The Garden Story

In a city rich with beautiful gardens, Longue Vue is an unrivaled jewel.  Begun in 1934 by Ellen Biddle Shipman, known as “the dean of American women landscape architects,” Longue Vue's gardens have an important place in the history of horticulture design in the United States.

At the time of Longue Vue’s creation, a bold new garden movement was in effect, which set the stage for the creation of some of the most breathtaking garden estates in the country.  During this time period, called the Country Place Era, traveling Americans looked to Europe for inspiration for their own rural retreats that would seamlessly integrate indoor and outdoor spaces.

Ellen Biddle Shipman was a champion designer of gardens of the Country Place style.  She possessed a keen understanding of how to successfully create the experience of a “garden room” with an ease and expressive romanticism that made her stand out amongst her more formal contemporaries.

Shipman had a philosophy regarding gardening that was very much in keeping with the democratic leanings of the Sterns, who believed in using their resources to enable the self-empowerment of all individuals.  Shipman said, “Gardening opens a wider door than any of the all mankind can walk through….  It has no distinctions, all are welcome.”

Architects William and Geoffrey Platt completed the current house at Longue Vue in 1942, which is a variant in the Classical Revival style.  The existing house replaced an original house that Shipman felt no longer related to the gardens she had designed.

By the 1960s, Edith Stern had conceived of the idea of opening Longue Vue to the public; many of the garden developments during this time reflect both this foresight and Edith Stern’s generous desire to share her legacy with generations to come.

Longue Vue opened its gardens to the public in 1968 and was in continuous operation until Hurricane Katrina and the subsequent levee failures flooded the property for two weeks.  The flood waters killed 60% of our total plant collection, including 200 trees and shrubs, and 90% of our perennials.  By December 2005, dedicated garden staff and volunteers had managed to restore the Discovery Garden, and by July 2006, all 14 of the gardens were re-opened to the public.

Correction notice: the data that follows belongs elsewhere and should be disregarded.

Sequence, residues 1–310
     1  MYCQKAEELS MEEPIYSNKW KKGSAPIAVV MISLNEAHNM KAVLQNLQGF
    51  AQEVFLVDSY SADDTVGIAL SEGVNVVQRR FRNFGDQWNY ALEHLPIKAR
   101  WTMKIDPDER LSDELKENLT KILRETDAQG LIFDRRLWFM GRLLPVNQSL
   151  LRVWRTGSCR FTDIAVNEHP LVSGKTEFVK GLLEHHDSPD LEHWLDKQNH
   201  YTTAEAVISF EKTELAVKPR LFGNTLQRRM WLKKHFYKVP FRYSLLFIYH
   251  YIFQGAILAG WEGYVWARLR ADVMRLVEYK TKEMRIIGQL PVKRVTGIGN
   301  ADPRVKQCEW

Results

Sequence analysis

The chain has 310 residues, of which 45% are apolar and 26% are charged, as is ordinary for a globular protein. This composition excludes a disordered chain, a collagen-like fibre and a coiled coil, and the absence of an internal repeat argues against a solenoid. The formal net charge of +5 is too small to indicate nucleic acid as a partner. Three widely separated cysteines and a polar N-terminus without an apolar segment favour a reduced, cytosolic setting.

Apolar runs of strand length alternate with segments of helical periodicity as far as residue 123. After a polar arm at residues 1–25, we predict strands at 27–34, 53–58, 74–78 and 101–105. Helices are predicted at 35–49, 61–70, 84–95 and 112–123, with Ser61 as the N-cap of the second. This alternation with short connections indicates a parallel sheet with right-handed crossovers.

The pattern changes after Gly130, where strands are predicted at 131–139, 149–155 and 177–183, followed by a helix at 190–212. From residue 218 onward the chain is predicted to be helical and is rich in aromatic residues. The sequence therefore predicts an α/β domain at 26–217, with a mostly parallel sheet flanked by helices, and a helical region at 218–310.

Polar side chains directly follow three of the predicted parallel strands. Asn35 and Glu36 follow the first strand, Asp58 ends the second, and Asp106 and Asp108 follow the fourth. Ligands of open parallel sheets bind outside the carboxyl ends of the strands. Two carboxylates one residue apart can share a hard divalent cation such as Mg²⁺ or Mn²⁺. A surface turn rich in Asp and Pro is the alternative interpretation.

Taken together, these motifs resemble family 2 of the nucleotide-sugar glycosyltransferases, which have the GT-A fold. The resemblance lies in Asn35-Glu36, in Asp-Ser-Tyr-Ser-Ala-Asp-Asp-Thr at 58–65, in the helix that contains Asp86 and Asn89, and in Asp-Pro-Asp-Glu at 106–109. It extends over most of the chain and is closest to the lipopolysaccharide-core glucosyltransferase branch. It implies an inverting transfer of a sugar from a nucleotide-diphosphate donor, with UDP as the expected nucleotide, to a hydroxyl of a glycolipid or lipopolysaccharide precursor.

Longue Vue’s recovery The Garden Conservancyhas been greatly aided by The Garden Conservancy, which in 2006 designated Longue Vue as a Preservation Project. In fulfilling its mission to preserve American gardens for the public’s education and enjoyment, the Garden Conservancy provides the leadership, guidance, and tools to assist garden owners, public agencies, and private organizations in assessing the feasibility of preserving a garden, opening its gates to the public, and sustaining the garden as a valued cultural resource in the community, region, and nation.

Despite the flooding which devastated Longue Vue, we have been able to maintain our gardens’ historic integrity, in part by referring to the 44 Ellen Biddle Shipman drawings in our archives, which show her planting recommendations.  These drawings helped to guide our ten-year Landscape Renewal Plan, which was completed in 2007 for Longue Vue by the Garden Conservancy and Heritage Landscapes, a Vermont-based landscape architecture firm.  New plantings are carefully chosen according to these plans, with consideration of newer, more resilient and horticulturally interesting plant varieties.  Replanting continues each year, and we expect to finish implementing the renewal plan ahead of schedule.

Longue Vue is also a member of the American Camellia Society's American Camellia Trail. More information can be found by visiting the American Camellia Society's website.